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"Take your life in your own hands, and what happens? A terrible thing: no one to blame"

—Erika Jong, Author and educator

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LEARNING OUTCOMES

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LEARNING OUTCOMES

This chapter investigates the wrist and hand. By the end of this chapter, you should be able to:

  • Identify the bones, joints, soft tissue, and muscles of the wrist and hand;

  • List muscles that are prime movers in wrist flexion, extension, radial, and ulnar deviation and intricate hand movements;

  • Name muscle groups that function to position and move the wrist and hand in specific functional motions;

  • Identify the nerves that innervate the main muscles of the wrist and hand;

  • Describe commonly encountered movement disorders of the wrist/hand and their functional consequences;

  • Identify normal grasping patterns of the hand and their importance in functional activities.

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CLINICAL SCENARIO

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CLINICAL SCENARIO

Lori is a hairdresser who has been trying to build her business and clientele. She has noticed most recently that she is experiencing numbness in her hands, and she is frequently dropping the combs and brushes she uses. At night, she experiences pain and tingling which radiate up to her fingertips, and the pain often wakes her up at night. Lori loves her work and is proud of her new shop. She is concerned that if she goes to her physician, she will need surgery and will be forced to take time off from work.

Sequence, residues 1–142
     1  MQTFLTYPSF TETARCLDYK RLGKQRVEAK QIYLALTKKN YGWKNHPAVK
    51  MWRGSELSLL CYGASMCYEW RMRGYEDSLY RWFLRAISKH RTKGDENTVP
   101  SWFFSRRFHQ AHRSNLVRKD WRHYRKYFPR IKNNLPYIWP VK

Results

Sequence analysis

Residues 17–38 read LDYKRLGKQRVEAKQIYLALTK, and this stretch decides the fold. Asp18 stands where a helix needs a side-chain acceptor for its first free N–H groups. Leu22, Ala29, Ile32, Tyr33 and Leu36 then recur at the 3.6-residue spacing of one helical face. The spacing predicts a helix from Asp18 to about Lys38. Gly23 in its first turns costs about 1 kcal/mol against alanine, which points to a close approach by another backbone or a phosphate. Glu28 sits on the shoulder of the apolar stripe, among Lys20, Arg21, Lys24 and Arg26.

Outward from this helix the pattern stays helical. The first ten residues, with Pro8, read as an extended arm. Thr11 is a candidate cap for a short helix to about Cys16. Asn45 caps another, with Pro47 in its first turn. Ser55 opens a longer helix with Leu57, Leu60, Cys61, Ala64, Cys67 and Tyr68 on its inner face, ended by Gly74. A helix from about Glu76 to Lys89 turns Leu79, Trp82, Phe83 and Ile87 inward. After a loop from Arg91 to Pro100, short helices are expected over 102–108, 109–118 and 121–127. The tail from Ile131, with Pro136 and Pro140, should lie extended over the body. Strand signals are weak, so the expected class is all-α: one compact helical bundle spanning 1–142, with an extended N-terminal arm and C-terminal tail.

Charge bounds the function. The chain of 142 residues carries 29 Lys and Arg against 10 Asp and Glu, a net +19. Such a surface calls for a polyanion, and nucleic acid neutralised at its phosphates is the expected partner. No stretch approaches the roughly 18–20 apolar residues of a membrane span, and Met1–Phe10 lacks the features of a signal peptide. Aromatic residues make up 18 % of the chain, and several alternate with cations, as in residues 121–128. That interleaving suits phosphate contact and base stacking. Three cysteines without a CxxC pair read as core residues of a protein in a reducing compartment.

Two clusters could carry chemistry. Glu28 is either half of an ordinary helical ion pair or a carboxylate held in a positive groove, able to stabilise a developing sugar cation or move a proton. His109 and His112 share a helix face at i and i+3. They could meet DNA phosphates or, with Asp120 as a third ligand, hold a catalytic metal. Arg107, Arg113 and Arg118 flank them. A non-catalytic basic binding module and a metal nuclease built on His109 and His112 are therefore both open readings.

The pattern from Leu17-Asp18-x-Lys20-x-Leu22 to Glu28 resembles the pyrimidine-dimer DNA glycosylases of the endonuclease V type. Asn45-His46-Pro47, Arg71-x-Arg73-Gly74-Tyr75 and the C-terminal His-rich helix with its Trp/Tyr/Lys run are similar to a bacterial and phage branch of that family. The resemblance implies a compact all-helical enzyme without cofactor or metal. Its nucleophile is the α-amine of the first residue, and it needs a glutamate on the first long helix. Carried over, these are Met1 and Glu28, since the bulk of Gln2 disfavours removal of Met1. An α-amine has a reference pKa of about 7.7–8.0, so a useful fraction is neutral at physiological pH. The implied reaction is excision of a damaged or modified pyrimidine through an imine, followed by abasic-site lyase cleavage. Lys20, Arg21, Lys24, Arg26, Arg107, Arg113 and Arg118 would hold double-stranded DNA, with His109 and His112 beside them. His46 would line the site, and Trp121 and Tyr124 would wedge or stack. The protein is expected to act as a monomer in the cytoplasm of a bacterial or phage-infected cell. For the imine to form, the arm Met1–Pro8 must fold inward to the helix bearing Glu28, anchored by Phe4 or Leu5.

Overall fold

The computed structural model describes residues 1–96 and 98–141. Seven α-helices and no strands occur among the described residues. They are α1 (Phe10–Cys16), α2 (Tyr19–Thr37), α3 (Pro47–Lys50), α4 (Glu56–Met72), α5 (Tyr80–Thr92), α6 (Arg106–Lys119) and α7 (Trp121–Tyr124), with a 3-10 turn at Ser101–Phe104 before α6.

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INTRODUCTION

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Several bones, joints, muscles, tendons, nerves, and blood vessels make up the hand. The hand is a predominant part of the body, serving many purposes. As such, it is a very versatile body segment, adapting to the many demands placed upon it. As with the shoulder and elbow, the wrist positions the hand and provides a stable platform from which the hand functions, but unlike the shoulder and elbow, the wrist is responsible for finely tuned hand positioning as well as more global positioning. The hand contains the palm and fingers. These structures are both sturdy and mobile. The fingers are sometimes referred to as digits and are named for either their position or their purpose:

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  • Thumb comes from the Latin word pollex, which is the medical term for the thumb: pollicis. It is our first digit or number one (#1) digit.

  • The second digit, sometimes referred to as the "first finger" is also called the index finger, pointer finger, or forefinger. "Index finger" was perhaps attached to this #2 digit because it is often used to point, and pointing is a method of making things clearer; making things clearer is the purpose of an index.

  • The third digit is also the middle finger or second finger. It is usually the longest finger of the hand.

  • The fourth digit is commonly referred to as the ring finger or third finger. Sometime around the fifth century, it was believed that this finger contained a "vein ...

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